One of the professors (Jowel Yusta) at CSU Chico University’s Electrical Engineering department was kind enough to pass on some small Altera UP2 FPGA oriented projects that his students built for their yearly EECE 343 – Computer Interface Circuits course.

The EECE 343 course focuses on the different ways that digital electronics pass information to each other, for example USB or PS/2. The Altera UP2 board might be quite antiquated compared to the newer university boards that are available (especially compared to the DE0-Nano) but it’s still a straight forward and simple platform to work with. Such things are extremely rare in electronics and are great for learners.

Altera UP2 Projects – EECE 343 Fall ’11 - [Link]

25 Dec 2011

FPGA hardware/software projects were produced by students in the last month of ECE5760 at Cornell. Projects were built using the Altera/Terasic DE2 or DE2-115  FPGA educational boards. This year’s projects include:

  • Prime number generator and RSA encrypter/decrypter
  • Conway’s life tone synthesizer
  • Hand video-tracking virtual piano and drums
  • Finger video-tracking virtual string instrument
  • Hand video-tracking video game

Cornell University ECE 5760 Final Year Projects – [Link]

20 Sep 2011

The package comes with a single DE0 Nano development board, mini USB cable (you can program and power the module over USB) and two CDs with the software necessary to ‘compile’ and ‘upload’ code to the board. The software is available for Windows and Linux computers (no Mac)   [via]

The module itself contains a nice collection of accessories:

  • Altera Cyclone IV FPGA (EP4CE22F17C6N)
  • 22,320 Logic elements (LEs)
  • 594 Embedded memory (Kbits)
  • 66 Embedded 18 x 18 multipliers
  • 4 General-purpose PLLs
  • 153 Maximum FPGA I/O pins
  • 50 MHz clock oscillator
  • 8-channel 12-bit Analog/Digital converter (NS ADC128S022)
  • 32 MB SDRAM
  • On-board USB blaster programming interface
  • USB mini-AB port
  • 2Kb I2C EEPROM
  • 4 DIP switches
  • 8 Green LEDs
  • ADXL345 3-axis Accelerometer
  • Two 40-pin IDC-compatible headers provides 72 general purpose I/O pins
  • One 26-pin header provides 16 digital I/O pins and 8 analog input pins to connect to analog sensors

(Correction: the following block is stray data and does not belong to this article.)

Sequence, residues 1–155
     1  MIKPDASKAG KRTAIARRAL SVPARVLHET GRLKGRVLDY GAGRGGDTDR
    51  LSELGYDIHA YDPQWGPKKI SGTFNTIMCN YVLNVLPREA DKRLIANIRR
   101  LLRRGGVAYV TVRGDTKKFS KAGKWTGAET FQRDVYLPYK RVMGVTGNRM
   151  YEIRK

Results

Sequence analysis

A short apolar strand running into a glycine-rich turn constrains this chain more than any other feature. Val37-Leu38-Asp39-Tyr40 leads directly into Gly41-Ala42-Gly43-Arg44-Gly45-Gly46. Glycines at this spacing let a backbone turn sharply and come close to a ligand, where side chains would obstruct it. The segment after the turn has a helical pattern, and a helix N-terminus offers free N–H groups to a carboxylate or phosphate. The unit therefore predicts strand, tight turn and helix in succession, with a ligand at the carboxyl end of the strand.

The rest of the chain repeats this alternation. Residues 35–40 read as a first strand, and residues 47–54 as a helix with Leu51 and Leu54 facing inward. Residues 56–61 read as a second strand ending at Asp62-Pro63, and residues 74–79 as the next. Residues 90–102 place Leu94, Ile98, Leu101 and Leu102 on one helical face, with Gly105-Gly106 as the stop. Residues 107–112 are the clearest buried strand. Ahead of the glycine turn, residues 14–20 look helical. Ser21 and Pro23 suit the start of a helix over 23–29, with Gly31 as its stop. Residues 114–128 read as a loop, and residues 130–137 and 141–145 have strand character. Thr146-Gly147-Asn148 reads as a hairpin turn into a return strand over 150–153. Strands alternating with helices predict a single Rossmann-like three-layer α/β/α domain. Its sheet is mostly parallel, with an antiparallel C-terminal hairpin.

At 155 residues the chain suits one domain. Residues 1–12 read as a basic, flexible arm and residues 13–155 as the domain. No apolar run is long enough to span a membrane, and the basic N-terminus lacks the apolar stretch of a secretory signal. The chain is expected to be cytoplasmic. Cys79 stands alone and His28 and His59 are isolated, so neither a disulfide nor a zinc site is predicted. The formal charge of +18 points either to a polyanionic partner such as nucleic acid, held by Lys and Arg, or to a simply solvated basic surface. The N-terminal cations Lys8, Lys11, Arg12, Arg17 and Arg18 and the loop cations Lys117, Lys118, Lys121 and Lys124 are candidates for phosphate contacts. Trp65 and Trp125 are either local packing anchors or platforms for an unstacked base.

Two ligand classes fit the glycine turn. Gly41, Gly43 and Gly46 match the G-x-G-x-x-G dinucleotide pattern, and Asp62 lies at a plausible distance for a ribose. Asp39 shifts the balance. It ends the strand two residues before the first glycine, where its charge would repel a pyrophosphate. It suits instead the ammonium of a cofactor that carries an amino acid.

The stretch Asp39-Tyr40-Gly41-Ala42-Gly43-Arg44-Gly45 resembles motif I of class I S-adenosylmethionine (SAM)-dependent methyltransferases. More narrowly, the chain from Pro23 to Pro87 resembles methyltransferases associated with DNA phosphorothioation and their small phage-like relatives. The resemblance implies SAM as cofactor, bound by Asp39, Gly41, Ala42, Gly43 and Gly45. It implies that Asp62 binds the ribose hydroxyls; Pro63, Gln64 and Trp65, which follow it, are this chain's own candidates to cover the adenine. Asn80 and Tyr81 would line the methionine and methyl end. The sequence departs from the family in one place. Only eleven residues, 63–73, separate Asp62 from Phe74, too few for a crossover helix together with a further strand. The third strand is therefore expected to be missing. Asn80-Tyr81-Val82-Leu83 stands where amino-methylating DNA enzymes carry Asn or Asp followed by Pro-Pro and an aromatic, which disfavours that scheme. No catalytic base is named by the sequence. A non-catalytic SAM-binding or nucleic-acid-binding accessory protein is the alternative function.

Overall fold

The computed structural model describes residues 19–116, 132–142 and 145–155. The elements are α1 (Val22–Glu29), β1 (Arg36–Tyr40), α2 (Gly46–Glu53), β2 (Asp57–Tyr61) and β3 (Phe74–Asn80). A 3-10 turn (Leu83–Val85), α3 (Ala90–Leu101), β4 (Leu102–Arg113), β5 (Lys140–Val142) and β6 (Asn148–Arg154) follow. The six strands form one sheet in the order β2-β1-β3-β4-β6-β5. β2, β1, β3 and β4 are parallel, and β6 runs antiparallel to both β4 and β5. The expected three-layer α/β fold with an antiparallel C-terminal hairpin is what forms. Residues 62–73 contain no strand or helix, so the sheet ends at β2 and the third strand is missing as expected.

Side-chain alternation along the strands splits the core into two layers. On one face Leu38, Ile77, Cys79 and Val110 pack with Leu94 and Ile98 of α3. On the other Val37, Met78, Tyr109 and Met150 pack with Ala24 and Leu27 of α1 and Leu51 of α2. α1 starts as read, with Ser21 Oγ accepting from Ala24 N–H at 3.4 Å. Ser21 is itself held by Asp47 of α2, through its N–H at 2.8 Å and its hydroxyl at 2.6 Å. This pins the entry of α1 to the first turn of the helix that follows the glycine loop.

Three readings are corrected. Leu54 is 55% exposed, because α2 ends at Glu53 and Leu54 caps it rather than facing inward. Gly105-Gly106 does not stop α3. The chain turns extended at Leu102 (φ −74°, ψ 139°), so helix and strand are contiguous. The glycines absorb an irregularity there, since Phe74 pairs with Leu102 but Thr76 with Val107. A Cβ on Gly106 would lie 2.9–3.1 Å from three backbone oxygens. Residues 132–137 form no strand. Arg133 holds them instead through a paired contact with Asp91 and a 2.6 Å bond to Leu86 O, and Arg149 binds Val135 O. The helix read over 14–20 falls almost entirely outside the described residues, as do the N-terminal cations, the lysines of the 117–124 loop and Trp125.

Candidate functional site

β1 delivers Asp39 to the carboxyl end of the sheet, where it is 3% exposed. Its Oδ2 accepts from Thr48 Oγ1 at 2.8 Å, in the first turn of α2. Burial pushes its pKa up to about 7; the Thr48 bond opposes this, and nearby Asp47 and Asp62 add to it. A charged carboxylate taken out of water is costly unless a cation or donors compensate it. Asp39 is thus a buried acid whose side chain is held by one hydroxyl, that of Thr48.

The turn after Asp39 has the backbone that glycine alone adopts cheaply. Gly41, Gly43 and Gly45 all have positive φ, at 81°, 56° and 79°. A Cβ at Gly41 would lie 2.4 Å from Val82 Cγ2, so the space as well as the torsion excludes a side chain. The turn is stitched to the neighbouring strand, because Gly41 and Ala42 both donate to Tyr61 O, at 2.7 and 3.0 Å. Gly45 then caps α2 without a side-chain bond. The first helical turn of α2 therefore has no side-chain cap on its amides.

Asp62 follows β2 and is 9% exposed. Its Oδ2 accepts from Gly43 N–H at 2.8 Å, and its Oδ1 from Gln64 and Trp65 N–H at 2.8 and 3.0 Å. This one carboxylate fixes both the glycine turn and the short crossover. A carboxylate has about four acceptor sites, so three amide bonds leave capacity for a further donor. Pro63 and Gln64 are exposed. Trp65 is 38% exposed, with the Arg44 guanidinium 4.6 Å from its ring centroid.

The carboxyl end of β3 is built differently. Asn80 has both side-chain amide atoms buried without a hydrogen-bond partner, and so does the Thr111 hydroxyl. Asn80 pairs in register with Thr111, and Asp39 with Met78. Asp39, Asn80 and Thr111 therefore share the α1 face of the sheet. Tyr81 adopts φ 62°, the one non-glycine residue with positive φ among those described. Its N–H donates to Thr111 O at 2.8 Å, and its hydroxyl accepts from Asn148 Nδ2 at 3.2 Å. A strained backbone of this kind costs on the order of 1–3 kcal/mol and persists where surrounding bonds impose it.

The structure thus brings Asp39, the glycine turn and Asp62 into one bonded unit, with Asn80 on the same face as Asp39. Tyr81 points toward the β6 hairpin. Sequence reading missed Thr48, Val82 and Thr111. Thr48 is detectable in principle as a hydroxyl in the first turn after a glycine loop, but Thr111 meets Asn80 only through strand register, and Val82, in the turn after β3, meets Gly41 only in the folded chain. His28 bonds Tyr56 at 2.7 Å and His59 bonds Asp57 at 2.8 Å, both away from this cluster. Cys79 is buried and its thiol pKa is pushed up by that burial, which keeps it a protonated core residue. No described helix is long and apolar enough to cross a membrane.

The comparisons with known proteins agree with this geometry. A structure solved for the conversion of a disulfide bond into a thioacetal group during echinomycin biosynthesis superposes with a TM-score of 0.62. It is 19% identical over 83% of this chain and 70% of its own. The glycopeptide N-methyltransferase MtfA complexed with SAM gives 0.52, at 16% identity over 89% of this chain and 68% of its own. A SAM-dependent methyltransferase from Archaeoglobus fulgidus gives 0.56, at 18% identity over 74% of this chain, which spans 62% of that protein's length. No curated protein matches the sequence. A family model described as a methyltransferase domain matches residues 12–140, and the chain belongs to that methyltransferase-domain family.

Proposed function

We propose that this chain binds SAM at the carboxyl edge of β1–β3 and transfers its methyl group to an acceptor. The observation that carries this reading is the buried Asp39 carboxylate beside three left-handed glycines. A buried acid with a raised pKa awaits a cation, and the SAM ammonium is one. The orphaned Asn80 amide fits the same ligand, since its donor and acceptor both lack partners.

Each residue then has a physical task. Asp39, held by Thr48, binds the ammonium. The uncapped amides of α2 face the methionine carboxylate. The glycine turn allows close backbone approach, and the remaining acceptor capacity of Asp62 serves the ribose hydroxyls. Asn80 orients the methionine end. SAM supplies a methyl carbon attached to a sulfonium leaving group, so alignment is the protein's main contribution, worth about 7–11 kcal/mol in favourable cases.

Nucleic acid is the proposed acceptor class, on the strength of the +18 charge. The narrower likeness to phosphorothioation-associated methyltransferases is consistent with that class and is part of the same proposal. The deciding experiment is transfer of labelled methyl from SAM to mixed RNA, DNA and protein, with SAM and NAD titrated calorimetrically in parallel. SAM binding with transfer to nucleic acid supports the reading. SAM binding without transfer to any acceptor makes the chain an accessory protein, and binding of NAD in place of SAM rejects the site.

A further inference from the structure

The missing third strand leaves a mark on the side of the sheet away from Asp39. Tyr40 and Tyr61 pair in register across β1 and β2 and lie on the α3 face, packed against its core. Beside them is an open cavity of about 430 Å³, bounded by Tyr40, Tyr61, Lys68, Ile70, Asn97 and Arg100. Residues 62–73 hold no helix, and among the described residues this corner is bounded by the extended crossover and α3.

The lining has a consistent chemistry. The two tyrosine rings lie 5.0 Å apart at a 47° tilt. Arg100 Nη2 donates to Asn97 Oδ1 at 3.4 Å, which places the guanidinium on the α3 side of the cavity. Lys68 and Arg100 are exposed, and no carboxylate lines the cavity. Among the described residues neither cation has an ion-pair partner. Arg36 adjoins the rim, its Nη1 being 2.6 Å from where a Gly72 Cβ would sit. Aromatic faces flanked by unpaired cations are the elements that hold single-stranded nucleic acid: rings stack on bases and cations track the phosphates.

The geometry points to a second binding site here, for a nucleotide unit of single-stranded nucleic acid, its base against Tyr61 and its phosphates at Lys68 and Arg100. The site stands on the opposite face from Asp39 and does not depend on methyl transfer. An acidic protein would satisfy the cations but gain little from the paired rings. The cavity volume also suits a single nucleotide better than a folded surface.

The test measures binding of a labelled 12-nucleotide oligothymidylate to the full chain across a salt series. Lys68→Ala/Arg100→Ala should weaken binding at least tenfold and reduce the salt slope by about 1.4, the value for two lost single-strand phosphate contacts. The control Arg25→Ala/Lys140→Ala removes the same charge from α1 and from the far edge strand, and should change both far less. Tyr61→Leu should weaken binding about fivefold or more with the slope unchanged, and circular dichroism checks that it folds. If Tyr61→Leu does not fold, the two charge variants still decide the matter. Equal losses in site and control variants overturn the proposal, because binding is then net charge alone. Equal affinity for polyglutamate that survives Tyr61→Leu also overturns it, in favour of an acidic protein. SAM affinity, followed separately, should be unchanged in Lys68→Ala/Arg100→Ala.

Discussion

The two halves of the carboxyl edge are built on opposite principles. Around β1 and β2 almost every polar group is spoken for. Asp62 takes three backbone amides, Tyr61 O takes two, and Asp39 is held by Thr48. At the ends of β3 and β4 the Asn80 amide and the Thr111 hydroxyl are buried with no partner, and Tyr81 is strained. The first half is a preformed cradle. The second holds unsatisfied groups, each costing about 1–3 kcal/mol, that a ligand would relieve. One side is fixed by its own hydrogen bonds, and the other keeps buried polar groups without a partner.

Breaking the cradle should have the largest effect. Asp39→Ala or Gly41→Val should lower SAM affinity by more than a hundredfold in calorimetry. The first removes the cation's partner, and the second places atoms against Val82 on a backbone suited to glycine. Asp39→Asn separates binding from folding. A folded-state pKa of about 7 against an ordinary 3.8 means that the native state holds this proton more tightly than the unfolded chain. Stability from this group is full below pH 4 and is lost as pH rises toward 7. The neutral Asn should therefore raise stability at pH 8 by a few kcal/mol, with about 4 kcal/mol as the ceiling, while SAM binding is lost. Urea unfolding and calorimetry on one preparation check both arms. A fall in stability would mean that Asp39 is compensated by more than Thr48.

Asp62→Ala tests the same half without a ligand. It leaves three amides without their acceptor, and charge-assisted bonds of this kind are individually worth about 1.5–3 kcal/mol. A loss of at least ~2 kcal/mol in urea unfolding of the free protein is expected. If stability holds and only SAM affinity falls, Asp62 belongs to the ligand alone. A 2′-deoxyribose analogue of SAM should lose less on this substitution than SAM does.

DE0-Nano – Altera Cyclone IV FPGA starter board - [Link]

16 Jun 2011

An embedded development board for Altera FPGAs: [via]

CoreCommander development board is unique in the industry. It features the Altera Cyclone III FPGA that provides more than enough room for almost any embedded design.

This flexible board comes with a suite of SLS IP Cores, drivers, and application software. Delivered as a complete package, the board and soft content ensures quick and easy implementation of industry leading cores with reduced risk AND at a very low cost.

CoreCommander development board – [Link]

5 May 2011

This article goes through how to create a VGA controller that uses a resistor DAC to create 512 unique VGA colors. The tutorial uses an Altera CPLD and VHDL code to create all the video signals. The theory, hardware schematics and software are all explained and available for viewing/download.

FPGA VGA Resistor DAC - [Link]

3 May 2011

Altera today issued a press release announcing that it set an industry milestone in semiconductor technology by delivering the most transistors ever packed onto an integrated circuit. Altera’s 28-nm Stratix® V FPGAs are the semiconductor industry’s first devices to feature 3.9 billion transistors.

“Altera surpassed the known record for transistors when it taped out Stratix V FPGAs at the end of 2010,” said Bradley Howe, vice president of IC engineering at Altera. “Maintaining the rapid pace set by Moore’s Law has allowed programmable logic to remain at the forefront of driving innovations in semiconductor technology. Achieving milestones like this continue to propel FPGAs to new heights of capacity and performance while delivering significantly higher levels of integration.”

Altera indicates that samples are available, but given its FBGA packaging there appears little for the hobbyist developer to work with here. [via]

Altera breaks industry record for most transistors on an IC – [Link]